Canon 5D Mark III Styling by Gladiola Girls Hair/Makeup: Bethany Jane
I'm relatively new to photography and videography, but I think a lot about "staying fresh."
Until 2013, the only creative work I'd ever done had been in writing and newspaper design, so branching out into a new medium reinvigorated my artistic flames to such an extant that I want to continue stoking the coals to see what happens.
Working with Matt has taught that me that if you want to stay sharp in anything, you have to keep pushing your limits. That way, each time you set out to shoot, write, run, stretch, or play becomes a brand new experience. It helps you maintain a "beginner's mind" as opposed to an "expert's mind," the latter of which leading only to stagnation.
For this shoot, we wanted to do something different. We've taken thousands of photos in natural scenery over the last year, so instead of bringing the charming and talented Kristina Petrick out to the tall pines we've been drooling over for the past month, Matt did the unexpected and picked up the blue-grey muslin cloth you see in this set. (*These are the digital selects. Film scans are coming soon.)
The plan was to start somewhat traditionally — a studio shoot with a model in front of muslin, but from there to begin breaking the form by having Kristina interact with the backdrop, first in the studio and then outside.
I shot digital (and some 35mm) while Matt used his minty Contax 645. We experimented with light sources and fill lights, and stumbled upon some odd mixtures that we'll definitely be duplicating and expanding upon for upcoming projects.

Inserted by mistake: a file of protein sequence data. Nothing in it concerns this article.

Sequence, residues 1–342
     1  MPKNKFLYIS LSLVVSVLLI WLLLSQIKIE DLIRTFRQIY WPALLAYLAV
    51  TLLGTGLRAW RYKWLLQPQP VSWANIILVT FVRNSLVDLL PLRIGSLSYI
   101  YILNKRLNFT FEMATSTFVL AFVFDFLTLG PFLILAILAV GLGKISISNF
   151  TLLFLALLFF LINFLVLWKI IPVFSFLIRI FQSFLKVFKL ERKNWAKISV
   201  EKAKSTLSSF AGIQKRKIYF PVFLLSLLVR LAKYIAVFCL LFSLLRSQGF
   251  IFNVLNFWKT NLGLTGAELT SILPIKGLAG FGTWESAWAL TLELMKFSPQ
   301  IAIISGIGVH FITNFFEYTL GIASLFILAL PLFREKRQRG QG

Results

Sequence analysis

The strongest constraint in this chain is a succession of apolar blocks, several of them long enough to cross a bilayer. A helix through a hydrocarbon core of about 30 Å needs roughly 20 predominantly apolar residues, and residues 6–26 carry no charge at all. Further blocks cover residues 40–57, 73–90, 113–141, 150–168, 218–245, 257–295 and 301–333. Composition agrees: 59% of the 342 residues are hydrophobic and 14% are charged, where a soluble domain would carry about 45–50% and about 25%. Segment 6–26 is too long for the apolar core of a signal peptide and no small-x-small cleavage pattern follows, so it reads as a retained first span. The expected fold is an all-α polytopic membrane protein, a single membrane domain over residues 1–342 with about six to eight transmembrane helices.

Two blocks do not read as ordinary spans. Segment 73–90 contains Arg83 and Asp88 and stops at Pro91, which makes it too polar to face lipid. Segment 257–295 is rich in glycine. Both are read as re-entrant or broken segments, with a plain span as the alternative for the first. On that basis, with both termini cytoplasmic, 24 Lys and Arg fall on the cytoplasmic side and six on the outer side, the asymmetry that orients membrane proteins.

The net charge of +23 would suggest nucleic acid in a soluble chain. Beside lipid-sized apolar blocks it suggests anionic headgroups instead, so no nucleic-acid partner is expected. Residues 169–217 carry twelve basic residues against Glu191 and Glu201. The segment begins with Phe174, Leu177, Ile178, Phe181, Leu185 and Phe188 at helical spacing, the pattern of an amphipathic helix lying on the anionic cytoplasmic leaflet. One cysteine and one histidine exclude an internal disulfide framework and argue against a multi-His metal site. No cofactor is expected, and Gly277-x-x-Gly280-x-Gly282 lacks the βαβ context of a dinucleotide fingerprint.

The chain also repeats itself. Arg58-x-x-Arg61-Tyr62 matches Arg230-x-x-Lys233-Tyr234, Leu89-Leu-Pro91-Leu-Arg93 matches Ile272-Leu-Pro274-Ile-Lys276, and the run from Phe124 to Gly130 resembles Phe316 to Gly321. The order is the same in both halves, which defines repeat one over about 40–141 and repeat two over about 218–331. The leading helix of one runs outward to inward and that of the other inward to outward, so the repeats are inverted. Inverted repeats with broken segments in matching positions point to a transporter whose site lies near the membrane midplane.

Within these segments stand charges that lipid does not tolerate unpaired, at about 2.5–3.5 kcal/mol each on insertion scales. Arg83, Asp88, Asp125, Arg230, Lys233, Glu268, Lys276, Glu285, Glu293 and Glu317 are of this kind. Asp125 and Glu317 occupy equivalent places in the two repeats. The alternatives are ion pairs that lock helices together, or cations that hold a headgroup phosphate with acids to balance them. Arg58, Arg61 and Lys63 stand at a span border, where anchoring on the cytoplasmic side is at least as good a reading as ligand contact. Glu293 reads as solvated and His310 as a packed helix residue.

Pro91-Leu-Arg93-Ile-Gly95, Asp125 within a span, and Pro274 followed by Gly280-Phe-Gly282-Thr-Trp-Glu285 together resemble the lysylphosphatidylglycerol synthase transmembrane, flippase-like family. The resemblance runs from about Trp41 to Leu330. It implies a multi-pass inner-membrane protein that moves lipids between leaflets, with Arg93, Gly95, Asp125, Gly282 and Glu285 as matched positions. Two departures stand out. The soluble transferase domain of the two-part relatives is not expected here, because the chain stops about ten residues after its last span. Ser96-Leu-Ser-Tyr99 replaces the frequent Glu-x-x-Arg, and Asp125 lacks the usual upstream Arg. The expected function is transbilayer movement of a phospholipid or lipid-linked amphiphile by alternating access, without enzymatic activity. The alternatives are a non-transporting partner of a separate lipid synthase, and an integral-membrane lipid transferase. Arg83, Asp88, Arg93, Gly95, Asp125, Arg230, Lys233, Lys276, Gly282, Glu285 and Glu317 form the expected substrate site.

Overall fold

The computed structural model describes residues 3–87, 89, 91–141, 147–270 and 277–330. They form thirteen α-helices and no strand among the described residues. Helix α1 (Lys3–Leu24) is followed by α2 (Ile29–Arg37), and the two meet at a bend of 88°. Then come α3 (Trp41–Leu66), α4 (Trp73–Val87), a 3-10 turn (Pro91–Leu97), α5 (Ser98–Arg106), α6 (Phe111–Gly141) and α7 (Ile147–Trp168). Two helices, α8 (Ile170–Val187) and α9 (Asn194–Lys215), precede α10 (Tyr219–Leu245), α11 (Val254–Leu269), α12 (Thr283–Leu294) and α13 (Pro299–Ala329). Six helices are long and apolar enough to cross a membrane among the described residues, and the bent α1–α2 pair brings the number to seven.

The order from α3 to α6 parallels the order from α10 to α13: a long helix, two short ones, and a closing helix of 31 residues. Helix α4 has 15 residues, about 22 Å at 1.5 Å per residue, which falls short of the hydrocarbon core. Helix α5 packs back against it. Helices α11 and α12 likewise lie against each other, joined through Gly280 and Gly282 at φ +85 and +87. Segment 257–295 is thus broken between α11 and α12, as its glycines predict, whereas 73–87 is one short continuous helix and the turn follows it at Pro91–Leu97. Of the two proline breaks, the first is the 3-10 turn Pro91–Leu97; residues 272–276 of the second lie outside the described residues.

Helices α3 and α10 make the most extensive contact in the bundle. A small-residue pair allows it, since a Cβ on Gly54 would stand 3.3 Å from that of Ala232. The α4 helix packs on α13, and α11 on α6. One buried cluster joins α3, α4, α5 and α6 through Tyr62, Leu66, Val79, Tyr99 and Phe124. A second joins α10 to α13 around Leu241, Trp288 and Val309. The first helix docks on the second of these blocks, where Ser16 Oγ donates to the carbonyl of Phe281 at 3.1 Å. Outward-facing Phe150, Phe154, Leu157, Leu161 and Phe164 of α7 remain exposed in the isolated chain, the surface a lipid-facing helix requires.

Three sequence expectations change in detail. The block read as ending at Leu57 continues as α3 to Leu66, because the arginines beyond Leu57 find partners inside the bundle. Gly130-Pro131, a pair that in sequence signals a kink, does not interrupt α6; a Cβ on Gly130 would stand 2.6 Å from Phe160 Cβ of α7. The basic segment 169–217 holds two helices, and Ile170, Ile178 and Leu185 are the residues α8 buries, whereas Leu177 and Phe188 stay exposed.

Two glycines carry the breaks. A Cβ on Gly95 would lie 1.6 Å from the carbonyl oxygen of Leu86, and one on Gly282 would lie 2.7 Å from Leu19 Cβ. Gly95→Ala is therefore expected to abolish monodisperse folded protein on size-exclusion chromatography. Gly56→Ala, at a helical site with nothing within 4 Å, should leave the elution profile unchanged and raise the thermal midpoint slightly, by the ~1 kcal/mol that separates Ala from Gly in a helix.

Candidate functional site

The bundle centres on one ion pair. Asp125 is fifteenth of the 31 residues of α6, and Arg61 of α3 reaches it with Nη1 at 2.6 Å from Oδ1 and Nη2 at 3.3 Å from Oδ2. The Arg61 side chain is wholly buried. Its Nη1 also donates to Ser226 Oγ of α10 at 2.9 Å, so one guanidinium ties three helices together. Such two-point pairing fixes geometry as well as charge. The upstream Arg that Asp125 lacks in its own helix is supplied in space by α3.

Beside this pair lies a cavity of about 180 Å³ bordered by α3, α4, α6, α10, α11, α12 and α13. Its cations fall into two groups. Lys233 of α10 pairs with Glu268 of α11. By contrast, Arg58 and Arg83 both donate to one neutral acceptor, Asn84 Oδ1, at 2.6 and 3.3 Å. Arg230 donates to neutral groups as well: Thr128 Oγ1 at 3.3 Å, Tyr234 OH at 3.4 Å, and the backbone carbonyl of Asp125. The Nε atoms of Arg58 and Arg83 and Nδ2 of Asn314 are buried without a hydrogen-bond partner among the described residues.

This outdoor location is an abandoned library less than a mile from our studio. Kristina said wearing a somewhat cheery floral print in such unkempt scenery felt incongruent, almost like she were a ghost haunting the place she'd died. (Not shown: Photos of Kristina making creepy poses. Perhaps we'll bring those out later.)
We spent the day experimenting with locations and poses, eventually using the muslin as more than a backdrop. Trying to figure out how to use something that I've considered to be from an era of photography with less-than-refined tastes (see 1990s rec sports photos) was a challenge, and one that has helped me reconsider my tendency to dismiss an idea before really giving it a try.